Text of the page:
Killings in Iraq challenge US will
When Iraqis in Baghdad celebrated America's arrival a year ago by beating a toppled statue of Saddam Hussein with their shoes - a sign of intense contempt - the White House was delighted. This was the kind of expression of glee at the departure of a dictator the US had anticipated.
Now one year later, the gruesome sight of Iraqis using their shoes to beat burned corpses - this time of Americans - has transcended the daily deaths in Iraq, and become a challenge to American will. At the very least, it raises questions about the depth of the US-led transformation there.
Wednesday's killings of nine Americans in two separate attacks - making March the second-deadliest month for Americans in Iraq - came at a point in the occupation that military authorities said would be dangerous. The United States plans to hand over authority to an as-yet undetermined interim Iraqi government on June 30.
But the events in Fallujah are part of a widespread uptick in violence against occupation forces and groups working with them, suggesting deteriorating rather than stabilizing conditions as the power transfer approaches. And while no one expects the upsurge to prompt a disengagement from a project that will define the Bush presidency in its reelection campaign, ongoing efforts to spread responsibility and reduce US exposure are expected to intensify.
The anti-American violence in Fallujah "won't have any large impact on the determination to stay the course in Iraq, there's no sudden groundswell of support for getting out," says Michael O'Hanlon, a military analyst at the Brookings Institution in Washington. "But it is one more data point as Americans assess how much they want to stick to this thing."
A building sense of chaos, fed by the anti-American violence, is the larger worry behind the initial horror of Wednesday's scenes, other observers say.
"The bigger issue here is the cumulative impact of the failure to stabilize the country and the continuing difficulty in arriving at an acceptable political transition," says Mac Destler, director of the program in international security and economic policy at the University of Maryland. "As you approach [the power transfer] you have a scenario of increasing attacks and political uncertainty that raises all the doubts and worries people had about this war. I'm sure they [in the White House] are scared to death of it."
Some analysts believe a political impact is possible. "This was the kind of thing that people could find just so shocking, horrible, it could jar them into reevaluating the prospects in Iraq, ... how things have been going," and whether the effort was worth it, says political analyst Stuart Rothenberg.
The scenes of American corpses being dragged by gleeful crowds through dusty foreign streets were reminiscent for many Americans of Somalia in 1993. Then, US soldiers in the African country as part of a peacekeeping force were killed in the shoot-down of a Black Hawk helicopter and then similarly mutilated and paraded through the streets of Mogadishu.
But there are many reasons this is not Somalia. Iraq is an American operation involving more than 100,000 troops that has occupied US political debate for two years. Somalia was all the more a shock because Americans had largely forgotten about US troops being there when they were suddenly confronted on the televisions with the shocking scenes.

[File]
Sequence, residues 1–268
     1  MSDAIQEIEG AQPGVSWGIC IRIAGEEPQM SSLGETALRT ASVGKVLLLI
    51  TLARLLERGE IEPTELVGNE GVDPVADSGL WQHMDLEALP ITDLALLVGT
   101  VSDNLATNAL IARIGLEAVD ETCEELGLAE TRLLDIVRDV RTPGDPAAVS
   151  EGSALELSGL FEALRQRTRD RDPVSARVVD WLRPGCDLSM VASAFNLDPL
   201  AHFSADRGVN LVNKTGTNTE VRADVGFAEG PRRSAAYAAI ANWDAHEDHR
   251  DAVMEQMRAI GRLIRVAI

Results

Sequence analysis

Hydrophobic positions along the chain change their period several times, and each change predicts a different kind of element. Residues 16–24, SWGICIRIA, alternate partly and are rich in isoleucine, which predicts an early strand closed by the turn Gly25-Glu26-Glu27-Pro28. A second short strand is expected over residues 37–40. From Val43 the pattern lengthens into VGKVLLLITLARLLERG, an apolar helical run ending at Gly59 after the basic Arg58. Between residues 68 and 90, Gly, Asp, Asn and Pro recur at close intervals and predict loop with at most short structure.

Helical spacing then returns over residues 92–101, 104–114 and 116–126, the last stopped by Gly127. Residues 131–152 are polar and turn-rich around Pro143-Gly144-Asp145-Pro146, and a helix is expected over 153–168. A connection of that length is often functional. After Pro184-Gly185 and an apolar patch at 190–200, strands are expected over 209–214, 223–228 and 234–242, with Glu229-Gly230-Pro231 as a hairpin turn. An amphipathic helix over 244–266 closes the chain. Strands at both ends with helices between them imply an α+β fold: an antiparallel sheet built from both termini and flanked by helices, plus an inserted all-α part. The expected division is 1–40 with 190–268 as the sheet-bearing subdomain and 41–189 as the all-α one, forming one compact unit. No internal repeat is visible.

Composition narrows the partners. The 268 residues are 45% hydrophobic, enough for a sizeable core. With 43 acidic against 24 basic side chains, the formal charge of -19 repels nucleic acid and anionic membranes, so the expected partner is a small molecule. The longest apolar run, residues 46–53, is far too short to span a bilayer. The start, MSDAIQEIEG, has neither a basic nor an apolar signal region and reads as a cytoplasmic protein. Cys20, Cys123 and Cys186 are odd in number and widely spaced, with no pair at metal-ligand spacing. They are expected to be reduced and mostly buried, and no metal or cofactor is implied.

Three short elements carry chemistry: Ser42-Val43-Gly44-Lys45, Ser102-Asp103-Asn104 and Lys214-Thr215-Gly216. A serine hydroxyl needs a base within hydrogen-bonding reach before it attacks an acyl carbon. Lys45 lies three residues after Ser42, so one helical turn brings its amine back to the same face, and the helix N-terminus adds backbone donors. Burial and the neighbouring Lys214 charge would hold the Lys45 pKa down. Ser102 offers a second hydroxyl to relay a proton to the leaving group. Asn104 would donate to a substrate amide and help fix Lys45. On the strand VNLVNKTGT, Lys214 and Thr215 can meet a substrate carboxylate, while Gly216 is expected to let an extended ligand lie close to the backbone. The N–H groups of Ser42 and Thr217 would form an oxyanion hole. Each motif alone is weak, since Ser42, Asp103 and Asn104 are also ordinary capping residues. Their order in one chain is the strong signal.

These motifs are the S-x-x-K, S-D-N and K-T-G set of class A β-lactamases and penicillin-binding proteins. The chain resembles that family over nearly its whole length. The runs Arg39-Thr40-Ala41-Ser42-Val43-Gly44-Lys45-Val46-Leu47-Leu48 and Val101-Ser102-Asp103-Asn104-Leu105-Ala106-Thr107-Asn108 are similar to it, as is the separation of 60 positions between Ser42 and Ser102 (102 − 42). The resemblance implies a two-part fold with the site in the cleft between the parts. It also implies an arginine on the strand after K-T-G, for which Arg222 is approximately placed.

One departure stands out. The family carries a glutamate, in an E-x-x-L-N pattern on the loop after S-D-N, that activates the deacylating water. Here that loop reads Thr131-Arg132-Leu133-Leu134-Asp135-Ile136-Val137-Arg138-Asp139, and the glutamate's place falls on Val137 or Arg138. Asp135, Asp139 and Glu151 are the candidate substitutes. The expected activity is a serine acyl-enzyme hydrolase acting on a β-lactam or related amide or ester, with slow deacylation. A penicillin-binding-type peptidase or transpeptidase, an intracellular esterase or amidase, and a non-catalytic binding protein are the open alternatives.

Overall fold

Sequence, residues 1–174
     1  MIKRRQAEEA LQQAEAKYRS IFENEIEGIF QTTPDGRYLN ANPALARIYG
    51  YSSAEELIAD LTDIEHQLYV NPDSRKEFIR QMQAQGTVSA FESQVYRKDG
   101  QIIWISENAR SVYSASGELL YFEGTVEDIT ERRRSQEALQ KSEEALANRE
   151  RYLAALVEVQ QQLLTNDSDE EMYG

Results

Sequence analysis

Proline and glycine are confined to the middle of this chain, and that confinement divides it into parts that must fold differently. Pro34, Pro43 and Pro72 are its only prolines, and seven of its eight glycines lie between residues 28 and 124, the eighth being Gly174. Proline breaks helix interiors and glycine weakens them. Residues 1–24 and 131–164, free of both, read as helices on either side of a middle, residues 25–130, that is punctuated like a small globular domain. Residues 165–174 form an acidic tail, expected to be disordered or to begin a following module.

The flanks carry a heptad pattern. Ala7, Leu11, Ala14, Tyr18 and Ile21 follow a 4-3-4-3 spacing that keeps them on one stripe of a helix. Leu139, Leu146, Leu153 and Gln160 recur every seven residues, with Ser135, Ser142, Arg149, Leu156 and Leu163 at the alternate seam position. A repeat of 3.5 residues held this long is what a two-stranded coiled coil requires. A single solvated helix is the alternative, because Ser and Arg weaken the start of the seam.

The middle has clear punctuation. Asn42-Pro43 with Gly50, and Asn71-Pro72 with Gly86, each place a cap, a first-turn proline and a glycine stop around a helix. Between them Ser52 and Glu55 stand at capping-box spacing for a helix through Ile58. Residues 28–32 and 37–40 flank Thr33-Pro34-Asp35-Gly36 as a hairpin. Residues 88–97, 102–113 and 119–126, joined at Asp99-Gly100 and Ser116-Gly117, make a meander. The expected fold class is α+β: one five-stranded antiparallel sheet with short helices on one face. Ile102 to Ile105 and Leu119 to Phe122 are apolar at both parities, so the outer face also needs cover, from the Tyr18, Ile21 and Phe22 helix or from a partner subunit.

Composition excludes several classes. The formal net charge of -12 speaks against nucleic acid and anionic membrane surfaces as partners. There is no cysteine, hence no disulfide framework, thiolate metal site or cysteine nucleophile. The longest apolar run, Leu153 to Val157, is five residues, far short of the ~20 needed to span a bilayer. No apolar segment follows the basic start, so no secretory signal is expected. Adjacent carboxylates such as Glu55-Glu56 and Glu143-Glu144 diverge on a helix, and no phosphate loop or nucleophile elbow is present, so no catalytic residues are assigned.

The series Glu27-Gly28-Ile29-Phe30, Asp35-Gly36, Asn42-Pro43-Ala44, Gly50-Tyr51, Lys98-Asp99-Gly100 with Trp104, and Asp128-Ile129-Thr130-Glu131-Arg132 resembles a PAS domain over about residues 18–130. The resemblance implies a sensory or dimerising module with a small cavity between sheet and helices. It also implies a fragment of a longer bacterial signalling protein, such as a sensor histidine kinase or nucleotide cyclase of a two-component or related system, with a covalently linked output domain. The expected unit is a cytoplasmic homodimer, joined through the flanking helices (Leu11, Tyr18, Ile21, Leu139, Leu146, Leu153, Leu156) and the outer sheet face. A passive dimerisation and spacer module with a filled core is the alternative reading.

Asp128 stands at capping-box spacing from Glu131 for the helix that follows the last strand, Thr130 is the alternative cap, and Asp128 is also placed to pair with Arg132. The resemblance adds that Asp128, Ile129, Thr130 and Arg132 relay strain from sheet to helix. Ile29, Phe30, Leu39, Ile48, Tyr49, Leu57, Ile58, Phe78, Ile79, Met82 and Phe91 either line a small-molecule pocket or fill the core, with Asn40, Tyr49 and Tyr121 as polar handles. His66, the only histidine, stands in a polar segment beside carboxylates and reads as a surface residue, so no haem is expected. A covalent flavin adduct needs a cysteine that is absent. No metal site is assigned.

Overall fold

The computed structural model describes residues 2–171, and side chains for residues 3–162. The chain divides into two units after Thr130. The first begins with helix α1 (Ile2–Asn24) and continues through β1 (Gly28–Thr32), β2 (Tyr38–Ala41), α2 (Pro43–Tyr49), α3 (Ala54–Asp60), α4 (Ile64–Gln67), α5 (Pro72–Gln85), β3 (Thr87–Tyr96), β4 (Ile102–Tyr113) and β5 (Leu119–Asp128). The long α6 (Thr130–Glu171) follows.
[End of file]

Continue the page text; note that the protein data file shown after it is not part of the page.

"The US presence in Iraq is much more established in terms of awareness and support," says Mr. Destler. "Somalia came as a real shock, but Americans know about the dangers in Iraq."
With more than 500 US troops dead in Iraq, Americans are more accustomed to the violence. And military leaders had said to expect more violence, as antioccupation forces sought to take advantage of the uncertain political climate in the runup to the June 30 handover.
But the Fallujah violence also suggests that the broader picture that US military authorities in Iraq have been offering of the violence is not quite right. In recent weeks officials have backed up claims that Iraq is progressing - and settling into a new order with an eye toward building a stable democracy - by suggesting that most violence now was from non-Iraqi Islamic extremists. The domestic Baathist resistance nostalgic for Mr. Hussein, the argument went, was largely crushed.
Even after Wednesday's attacks, Army Brig. Gen Mark Kimmitt said at a Baghdad briefing, "Fallujah remains one of those cities in Iraq that just don't get it." But the geographical spread of recent attacks suggest something else, as does the exuberance of some average Iraqis in expressing anti-American feelings.
"There was evidence to back up those claims and it was plausible, but it wasn't proof," says Mr. O'Hanlon. "Now the suggestion from the ferocity and deadliness of these events is that if it's not Baathism or Islamic extremism that is driving these acts it might be something else, and that is a bigger worry."
Some experts suggest, for example, that a more typical Arab nationalism and visceral rejection of foreigners may be at the root of the instability - a sobering prospect at a time when the US is seeking not only to succeed in Iraq but to promote political and economic reforms throughout the Middle East.
Given the likelihood of more disturbing turmoil, the White House is both reiterating its "stay the course" stance and pressing ways to spread responsibility for Iraq and reduce American exposure.
The US is already relying heavily on the United Nations to broker a compromise on an interim government. And at the same time, the US is suggesting it will rely on a UN resolution to legitimize a continued US military presence in Iraq, rather than an accord with an interim government.
• Linda Feldmann in Washington contributed to this report.